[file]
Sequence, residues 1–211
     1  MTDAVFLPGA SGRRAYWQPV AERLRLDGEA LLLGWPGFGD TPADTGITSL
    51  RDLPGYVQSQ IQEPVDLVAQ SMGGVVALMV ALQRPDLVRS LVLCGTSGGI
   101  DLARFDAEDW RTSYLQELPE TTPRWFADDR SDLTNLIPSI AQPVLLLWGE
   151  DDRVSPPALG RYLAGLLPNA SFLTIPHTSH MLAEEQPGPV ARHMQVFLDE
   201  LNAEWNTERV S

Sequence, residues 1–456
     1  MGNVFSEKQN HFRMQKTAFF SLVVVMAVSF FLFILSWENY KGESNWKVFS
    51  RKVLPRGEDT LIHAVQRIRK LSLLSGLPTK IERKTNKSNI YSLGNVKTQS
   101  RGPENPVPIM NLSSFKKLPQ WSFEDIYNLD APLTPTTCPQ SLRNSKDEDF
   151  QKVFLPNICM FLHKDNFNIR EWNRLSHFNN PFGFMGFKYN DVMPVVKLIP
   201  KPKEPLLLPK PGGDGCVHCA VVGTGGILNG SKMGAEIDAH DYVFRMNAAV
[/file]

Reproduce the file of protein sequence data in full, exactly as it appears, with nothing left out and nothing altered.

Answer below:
Sequence, residues 1–211
     1  MTDAVFLPGA SGRRAYWQPV AERLRLDGEA LLLGWPGFGD TPADTGITSL
    51  RDLPGYVQSQ IQEPVDLVAQ SMGGVVALMV ALQRPDLVRS LVLCGTSGGI
   101  DLARFDAEDW RTSYLQELPE TTPRWFADDR SDLTNLIPSI AQPVLLLWGE
   151  DDRVSPPALG RYLAGLLPNA SFLTIPHTSH MLAEEQPGPV ARHMQVFLDE
   201  LNAEWNTERV S

Sequence, residues 1–456
     1  MGNVFSEKQN HFRMQKTAFF SLVVVMAVSF FLFILSWENY KGESNWKVFS
    51  RKVLPRGEDT LIHAVQRIRK LSLLSGLPTK IERKTNKSNI YSLGNVKTQS
   101  RGPENPVPIM NLSSFKKLPQ WSFEDIYNLD APLTPTTCPQ SLRNSKDEDF
   151  QKVFLPNICM FLHKDNFNIR EWNRLSHFNN PFGFMGFKYN DVMPVVKLIP
   201  KPKEPLLLPK PGGDGCVHCA VVGTGGILNG SKMGAEIDAH DYVFRMNAAV